Thirty years after NASA disaster, whistleblower’s identity revealed

[Cross-posted from Whistleblowing Today]

Thirty years ago today, the space shuttle Challenger exploded less than 2 minutes after lift-off, killing all seven astronauts on board. A few months later, two engineers talked about the disaster to National Public Radio on condition of anonymity, They revealed that they and three other engineers employed by NASA contractor Morton-Thiokol had warned that critical seals would fail in the below-freezing temperatures. NASA managers rejected their pleas for a launch delay.

The whistleblowing engineers were not initially identified. The identity of Roger Boisjoly was acknowledged after his death in 2012. Today, NPR revealed the identity of the second whistleblower, Bob Ebeling, with his permission.Continue reading

NYPD whistleblower settles claim against hospital

A New York City police officer has settled his complaint against a hospital that held him against his will in a psychiatric ward. The officer, Adrian Schoolcraft, claimed bosses ordered him arrested on and hospitalized in retaliation for his whistleblowing disclosure of arrest quotas and manipulation of crime statistics.

Schoolcraft previously settled claims against the New York Police Department for $600.000 plus back pay and benefits from 2009 until the end of this year.  Quoting “a source,” the New York Daily News reported that Schoolcraft’s total settlement with the city exceeds $1 million dollars and that “it’s highly likely he will retire from the force.Continue reading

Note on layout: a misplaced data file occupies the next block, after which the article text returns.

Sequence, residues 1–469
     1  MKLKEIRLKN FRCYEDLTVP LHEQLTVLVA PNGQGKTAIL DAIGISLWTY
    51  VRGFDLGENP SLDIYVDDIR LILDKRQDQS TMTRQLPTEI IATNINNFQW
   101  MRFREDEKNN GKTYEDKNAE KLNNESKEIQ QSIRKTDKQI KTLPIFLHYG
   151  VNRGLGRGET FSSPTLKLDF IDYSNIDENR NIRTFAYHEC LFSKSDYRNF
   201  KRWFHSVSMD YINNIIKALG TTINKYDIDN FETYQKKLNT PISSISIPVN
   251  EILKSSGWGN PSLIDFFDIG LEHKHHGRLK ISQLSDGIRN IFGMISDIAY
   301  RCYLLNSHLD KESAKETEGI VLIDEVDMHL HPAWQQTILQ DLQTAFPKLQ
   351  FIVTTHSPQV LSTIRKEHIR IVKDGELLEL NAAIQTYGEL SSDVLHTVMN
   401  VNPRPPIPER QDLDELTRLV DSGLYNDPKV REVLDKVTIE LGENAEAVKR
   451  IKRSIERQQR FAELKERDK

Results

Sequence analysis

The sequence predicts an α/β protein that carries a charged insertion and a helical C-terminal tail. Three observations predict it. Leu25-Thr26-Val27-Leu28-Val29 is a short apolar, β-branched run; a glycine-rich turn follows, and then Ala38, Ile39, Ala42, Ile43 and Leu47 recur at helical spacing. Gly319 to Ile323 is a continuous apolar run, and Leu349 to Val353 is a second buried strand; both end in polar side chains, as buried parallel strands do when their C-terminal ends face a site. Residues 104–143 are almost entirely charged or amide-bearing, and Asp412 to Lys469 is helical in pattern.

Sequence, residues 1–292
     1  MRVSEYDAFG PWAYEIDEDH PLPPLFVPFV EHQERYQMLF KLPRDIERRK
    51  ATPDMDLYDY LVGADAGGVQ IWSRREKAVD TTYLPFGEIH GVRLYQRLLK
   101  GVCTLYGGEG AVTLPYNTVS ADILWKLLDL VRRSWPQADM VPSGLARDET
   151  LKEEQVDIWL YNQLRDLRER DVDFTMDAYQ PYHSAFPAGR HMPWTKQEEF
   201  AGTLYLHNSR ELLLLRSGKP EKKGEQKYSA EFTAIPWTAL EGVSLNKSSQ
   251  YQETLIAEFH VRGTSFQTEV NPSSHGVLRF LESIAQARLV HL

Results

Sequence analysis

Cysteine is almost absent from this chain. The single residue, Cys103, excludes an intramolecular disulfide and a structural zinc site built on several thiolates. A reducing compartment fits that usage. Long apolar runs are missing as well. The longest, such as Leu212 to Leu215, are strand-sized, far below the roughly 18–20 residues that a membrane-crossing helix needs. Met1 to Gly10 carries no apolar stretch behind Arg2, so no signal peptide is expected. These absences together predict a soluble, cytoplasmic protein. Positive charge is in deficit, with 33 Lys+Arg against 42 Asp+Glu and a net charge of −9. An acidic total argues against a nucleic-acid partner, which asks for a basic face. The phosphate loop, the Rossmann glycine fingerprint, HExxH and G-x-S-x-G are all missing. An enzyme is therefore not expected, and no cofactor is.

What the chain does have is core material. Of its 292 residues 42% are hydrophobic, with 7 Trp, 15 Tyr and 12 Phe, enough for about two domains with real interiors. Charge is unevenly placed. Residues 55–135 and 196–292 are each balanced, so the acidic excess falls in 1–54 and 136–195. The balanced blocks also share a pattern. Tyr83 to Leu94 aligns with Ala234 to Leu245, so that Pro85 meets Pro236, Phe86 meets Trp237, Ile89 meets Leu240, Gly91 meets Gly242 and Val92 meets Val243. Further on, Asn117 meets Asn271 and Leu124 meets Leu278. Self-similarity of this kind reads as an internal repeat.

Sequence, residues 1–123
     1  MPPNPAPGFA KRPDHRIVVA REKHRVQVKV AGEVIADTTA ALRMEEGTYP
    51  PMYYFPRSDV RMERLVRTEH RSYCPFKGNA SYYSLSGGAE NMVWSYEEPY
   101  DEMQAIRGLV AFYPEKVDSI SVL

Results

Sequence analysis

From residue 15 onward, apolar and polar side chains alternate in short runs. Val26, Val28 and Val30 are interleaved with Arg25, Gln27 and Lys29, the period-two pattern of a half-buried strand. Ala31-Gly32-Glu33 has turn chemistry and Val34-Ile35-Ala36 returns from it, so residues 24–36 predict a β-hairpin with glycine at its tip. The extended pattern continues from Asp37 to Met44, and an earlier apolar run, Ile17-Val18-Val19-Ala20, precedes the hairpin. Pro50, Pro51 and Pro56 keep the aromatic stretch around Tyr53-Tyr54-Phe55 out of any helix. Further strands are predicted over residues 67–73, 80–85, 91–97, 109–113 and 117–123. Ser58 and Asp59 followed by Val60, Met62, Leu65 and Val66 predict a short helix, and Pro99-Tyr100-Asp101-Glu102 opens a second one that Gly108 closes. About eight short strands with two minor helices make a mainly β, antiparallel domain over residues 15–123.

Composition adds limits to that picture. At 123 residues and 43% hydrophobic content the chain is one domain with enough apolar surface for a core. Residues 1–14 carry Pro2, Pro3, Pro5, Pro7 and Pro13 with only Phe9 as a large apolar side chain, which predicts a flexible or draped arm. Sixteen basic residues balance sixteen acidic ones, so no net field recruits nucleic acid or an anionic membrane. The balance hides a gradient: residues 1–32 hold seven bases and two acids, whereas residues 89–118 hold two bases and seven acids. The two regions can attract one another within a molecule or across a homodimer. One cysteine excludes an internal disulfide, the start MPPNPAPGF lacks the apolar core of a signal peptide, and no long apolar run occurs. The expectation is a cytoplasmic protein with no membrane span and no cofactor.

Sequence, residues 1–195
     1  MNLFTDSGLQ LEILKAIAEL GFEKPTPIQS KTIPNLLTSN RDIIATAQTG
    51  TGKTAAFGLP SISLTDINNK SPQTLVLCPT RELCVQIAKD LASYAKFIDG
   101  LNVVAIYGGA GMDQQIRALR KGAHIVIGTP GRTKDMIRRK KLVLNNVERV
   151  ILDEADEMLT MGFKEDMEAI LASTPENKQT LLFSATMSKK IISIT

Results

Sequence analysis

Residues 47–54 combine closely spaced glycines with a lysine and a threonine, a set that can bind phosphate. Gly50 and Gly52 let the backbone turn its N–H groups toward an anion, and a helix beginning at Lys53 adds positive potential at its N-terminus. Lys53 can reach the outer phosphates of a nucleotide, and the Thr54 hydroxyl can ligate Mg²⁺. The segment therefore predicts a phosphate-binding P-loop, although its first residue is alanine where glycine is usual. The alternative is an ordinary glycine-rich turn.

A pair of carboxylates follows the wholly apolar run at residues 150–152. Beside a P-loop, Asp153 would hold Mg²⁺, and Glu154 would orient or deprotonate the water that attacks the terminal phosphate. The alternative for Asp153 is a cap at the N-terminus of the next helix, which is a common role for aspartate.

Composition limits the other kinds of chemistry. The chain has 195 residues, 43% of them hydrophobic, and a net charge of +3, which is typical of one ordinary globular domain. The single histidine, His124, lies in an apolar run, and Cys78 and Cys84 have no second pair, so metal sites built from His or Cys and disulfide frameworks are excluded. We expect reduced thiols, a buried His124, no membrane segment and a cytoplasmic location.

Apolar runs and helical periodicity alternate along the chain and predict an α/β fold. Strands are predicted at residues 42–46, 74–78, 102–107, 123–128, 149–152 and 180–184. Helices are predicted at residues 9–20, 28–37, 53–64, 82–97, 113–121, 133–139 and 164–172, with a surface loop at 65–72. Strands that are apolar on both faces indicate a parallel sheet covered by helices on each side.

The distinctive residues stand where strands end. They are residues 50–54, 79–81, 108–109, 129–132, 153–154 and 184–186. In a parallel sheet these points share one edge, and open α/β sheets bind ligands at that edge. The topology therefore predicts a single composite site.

North Carolinians welcome truth-tellers

AWTTT-poster

North Carolinians gave truth-tellers a good reception last week in Asheville, Raleigh, Fayetteville, Chapel Hill, Greensboro and Durham. John Kiriakou, the former CIA operative who exposed torture of terrorism suspects at Guantanamo prison, spoke to a standing-room-only crowd at North Carolina State University and also made appearances at N.C. Central University, Guilford College, UNC-Chapel Hill, and Quaker House.  (You can hear his interview at WUNC.)

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More whistleblower retaliation complaints substantiated in 2014

NAVEX Global, a provider of employee hotline and case management systems, reports that 27 percent of employee retaliation complaints were substantiated in 2014, a 125 percent increase over the previous year (PR Newswire, March 10).  While some might find that statistic discouraging, it suggests that employers are less often dismissing retaliation complaints without a fair investigation.  That’s important because retaliation has many negative impacts.

“Retaliation is perhaps the one compliance violation most likely to do irreparable damage to a company’s culture and employee morale,” said Carrie Penman, chief compliance officer and senior vice president, Advisory Services, NAVEX Global. “Retaliation is personal and strikes at the heart of an employee’s well-being: job assignments, pay and their sense of ‘belonging’ in the workplace community. It stifles transparency, erodes trust in leadership, eliminates future reports and, at its worst, it drives the disenfranchised employee outside the organization and into the arms of regulators.”

 

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